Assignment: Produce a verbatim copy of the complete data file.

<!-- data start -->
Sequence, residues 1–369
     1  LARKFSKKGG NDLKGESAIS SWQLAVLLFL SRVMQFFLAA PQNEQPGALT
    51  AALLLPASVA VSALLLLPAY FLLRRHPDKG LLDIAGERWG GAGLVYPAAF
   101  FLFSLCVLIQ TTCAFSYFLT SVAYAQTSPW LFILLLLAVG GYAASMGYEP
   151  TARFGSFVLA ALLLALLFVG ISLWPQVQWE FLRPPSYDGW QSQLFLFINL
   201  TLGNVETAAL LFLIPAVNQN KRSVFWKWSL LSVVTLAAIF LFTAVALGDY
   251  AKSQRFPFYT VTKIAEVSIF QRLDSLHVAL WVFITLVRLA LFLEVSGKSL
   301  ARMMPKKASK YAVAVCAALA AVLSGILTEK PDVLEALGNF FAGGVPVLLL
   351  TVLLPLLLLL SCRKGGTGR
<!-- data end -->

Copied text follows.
Sequence, residues 1–369
     1  LARKFSKKGG NDLKGESAIS SWQLAVLLFL SRVMQFFLAA PQNEQPGALT
    51  AALLLPASVA VSALLLLPAY FLLRRHPDKG LLDIAGERWG GAGLVYPAAF
   101  FLFSLCVLIQ TTCAFSYFLT SVAYAQTSPW LFILLLLAVG GYAASMGYEP
   151  TARFGSFVLA ALLLALLFVG ISLWPQVQWE FLRPPSYDGW QSQLFLFINL
   201  TLGNVETAAL LFLIPAVNQN KRSVFWKWSL LSVVTLAAIF LFTAVALGDY
   251  AKSQRFPFYT VTKIAEVSIF QRLDSLHVAL WVFITLVRLA LFLEVSGKSL
   301  ARMMPKKASK YAVAVCAALA AVLSGILTEK PDVLEALGNF FAGGVPVLLL
   351  TVLLPLLLLL SCRKGGTGR